0

Nothing says 'I'm sorry' like $1,000

Georgians ought to cheer state Republican Sen. Casey Cagle's political behavior - if he is telling the whole truth.

He says he gave Democrat Mark Taylor $1,000 in 1998 as a token of apology for the Republicans' dirty campaign against Taylor in the contest for lieutenant governor. Taylor won the election.

"Horrible, horrible," Cagle said of the anti-Taylor TV ads sponsored by Republican candidate Mitch Skandalakis. Former Christian Coalition chief Ralph Reed directed Skandalakis' campaign and is now seeking the GOP nomination for lieutenant governor. Cagle is running for the same office. Taylor is going for governor.

Sen. Eric Johnson of Savannah says he too gave Taylor $1,000 to show he had nothing to do with the bad-ad campaign, which alleged Taylor was into drugs. The anti-Taylor commercials also contained heavy doses of racism.

If these guys indeed forked over $2,000 to a Democrat because of guilt feelings about TV smears, they set a new standard for running for office in Georgia. Voluntarily paying reparations for mudslinging is unheard of.

Imagine how much such guilt-ridden politicians might have contributed to legendary Gov. Eugene Talmadge in his long-ago failed campaign for the state Senate. His enemies accused him in court of having a romantic relationship with his mule.

Though Talmadge was cleared, I would bet that he did not receive a dime's worth of sympathy from his adversaries, and I'm sure they never said they were sorry, either to Talmadge or his mule.

Of course, one might wonder why Cagle and Johnson did not continue their unprecedented redemption campaign into the 21st century. Why did they not dispatch sorry-about-that checks to Democratic Sen. Max Cleland?

Talk about smears. In the 2002 election, Saxby Chambliss' campaign posted disabled vet Cleland's picture on TV alongside Osama bin Laden and Saddam Hussein. The Cleland-and-terrorists display represented a shocking effort to show that the brave old soldier was weak on securing America. Reed had a hand in that ad campaign too.

Or why didn't Cagle and Johnson feel compelled to contribute to the restoration of Gov. Roy Barnes' reputation? Barnes was depicted in a 2002 Republican video as a filthy rat wearing a hip-hopper's gold chain around his neck.

Of course, there were differences in those contests, the greatest one being that key Democrats lost. The smears worked. Chambliss beat Cleland, and Perdue whipped Barnes. Cagle and Johnson probably figured correctly that no reward waits in GOP heaven for people who felt sorry for Cleland and Barnes.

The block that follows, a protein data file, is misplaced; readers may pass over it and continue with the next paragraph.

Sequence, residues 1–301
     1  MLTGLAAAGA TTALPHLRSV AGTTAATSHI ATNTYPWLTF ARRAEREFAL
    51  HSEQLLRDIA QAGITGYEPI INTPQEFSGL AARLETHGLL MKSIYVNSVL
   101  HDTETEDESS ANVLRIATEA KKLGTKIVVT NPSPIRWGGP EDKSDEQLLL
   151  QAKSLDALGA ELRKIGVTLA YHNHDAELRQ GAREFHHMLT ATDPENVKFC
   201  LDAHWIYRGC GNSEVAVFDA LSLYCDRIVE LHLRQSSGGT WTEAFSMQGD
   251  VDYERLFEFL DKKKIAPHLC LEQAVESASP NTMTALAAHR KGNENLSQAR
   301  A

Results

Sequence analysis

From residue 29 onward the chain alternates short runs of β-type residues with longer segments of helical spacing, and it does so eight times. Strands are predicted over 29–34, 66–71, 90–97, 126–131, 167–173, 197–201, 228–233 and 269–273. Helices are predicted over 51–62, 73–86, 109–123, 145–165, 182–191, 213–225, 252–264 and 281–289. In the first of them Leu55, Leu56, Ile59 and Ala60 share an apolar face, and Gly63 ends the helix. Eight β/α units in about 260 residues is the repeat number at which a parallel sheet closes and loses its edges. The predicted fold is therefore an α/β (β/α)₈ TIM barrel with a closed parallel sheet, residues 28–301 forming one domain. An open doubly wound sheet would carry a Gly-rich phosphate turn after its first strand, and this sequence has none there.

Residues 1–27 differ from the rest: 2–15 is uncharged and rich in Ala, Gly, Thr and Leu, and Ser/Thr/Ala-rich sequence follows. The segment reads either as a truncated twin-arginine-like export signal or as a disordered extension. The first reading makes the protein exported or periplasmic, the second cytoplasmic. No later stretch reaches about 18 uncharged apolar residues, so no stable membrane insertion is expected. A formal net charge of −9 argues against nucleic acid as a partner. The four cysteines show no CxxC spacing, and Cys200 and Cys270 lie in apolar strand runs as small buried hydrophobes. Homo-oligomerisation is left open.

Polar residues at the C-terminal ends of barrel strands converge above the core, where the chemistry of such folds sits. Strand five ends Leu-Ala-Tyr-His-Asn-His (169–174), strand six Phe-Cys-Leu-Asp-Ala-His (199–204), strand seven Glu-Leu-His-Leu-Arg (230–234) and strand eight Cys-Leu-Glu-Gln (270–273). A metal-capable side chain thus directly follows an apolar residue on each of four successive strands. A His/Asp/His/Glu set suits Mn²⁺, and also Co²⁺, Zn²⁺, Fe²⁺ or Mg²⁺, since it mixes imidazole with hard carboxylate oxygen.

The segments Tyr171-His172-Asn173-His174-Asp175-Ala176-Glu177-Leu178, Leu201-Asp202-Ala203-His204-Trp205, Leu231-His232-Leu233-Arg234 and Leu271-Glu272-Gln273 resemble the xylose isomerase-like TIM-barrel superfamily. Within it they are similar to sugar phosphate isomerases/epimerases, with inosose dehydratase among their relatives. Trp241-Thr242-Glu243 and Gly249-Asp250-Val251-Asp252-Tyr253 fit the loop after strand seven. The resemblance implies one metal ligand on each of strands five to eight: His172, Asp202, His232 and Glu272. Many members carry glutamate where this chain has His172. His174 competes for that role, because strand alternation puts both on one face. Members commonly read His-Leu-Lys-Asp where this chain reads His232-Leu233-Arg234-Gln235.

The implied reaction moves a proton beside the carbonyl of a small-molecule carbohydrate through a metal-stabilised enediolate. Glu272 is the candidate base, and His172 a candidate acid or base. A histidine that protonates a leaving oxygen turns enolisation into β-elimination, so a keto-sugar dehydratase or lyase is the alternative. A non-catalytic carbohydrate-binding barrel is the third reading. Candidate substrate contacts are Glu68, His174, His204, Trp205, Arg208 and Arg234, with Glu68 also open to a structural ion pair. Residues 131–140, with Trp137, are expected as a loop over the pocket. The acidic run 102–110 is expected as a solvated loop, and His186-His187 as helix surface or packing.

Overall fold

Reed denies any connection with Skandalakis' dope-and-race advertising. Reed says Skandalakis developed and scheduled the ads without his knowledge.

The truth is Skandalakis could have depicted Taylor as a billy goat (or a rat), and it would not have mattered. Taylor was destined to win in 1998. Skandalakis' campaign never got off the ground.

The smear ads probably helped Taylor win by an even greater margin. Taylor clobbered Skandalakis, 56 percent to 38 percent of the vote. Skandalakis later went to prison on corruption charges related to his tenure as Fulton County commission chair.

Four years later (2002), the same genre of dirty rumors surfaced against Taylor in his bid for re-election. He won easily again, even as fellow Democrats Barnes and Cleland crashed in defeat.

So why did Cagle and Johnson contribute cash to Democrat Taylor nearly eight years ago? Probably not because they were good and generous people who felt the Big Guy had been wronged. They gave money for the same reason that Roy Barnes' financial supporters flocked to Sonny Perdue after his stunning victory: They wanted to "get right" and maintain at least a modicum of influence in a new administration.

As I recall, the Republican "get right" ploy did not work with Taylor. He scrapped the GOP outreach policy started by his Democratic predecessor, Lt. Gov. Pierre Howard. Taylor slammed the door on Republican lawmakers, even as he accepted their cash offerings.

He probably sensed that Republicans would come after him with guns blazing in the not-too-distant future, regardless of how he welcomed them after his first victory as lieutenant governor. And they did. They stripped him of all power as soon as they captured a majority of the state Senate.

•n n

TV trivia: Gubernatorial candidate Mark Taylor's first 2006 commercial features recycled footage from Taylor's 2002 campaign of "the Little Guy," a cute infant who, in fact, was played by twins, Noah and Blake Law, members of a Republican-voting family from Albany. Noah and Blake, now age 4, played bit parts in a 2004 film thriller, "The Clearing," starring Robert Redford.

•n n

A Georgia Soprano?: A high-ranking Georgia Democratic official who asked not to be identified has sent the following sinister-sounding reminder to party-switching state Reps. Butch Parrish of Swainsboro, Richard Royal of Camilla and Mickey Channell of Greensboro: "As long as you were Democrats, we kept in the family certain information pertaining to you. Please understand that you are no longer members of the family."

Syndicated columnist Bill Shipp writes on Georgia politics. Write him at P.O. Box 440755, Kennesaw, GA 30160, or e-mail bshipp@bellsouth.net. His Web site is www.billshipp.com. His column appears on Wednesday and Sunday.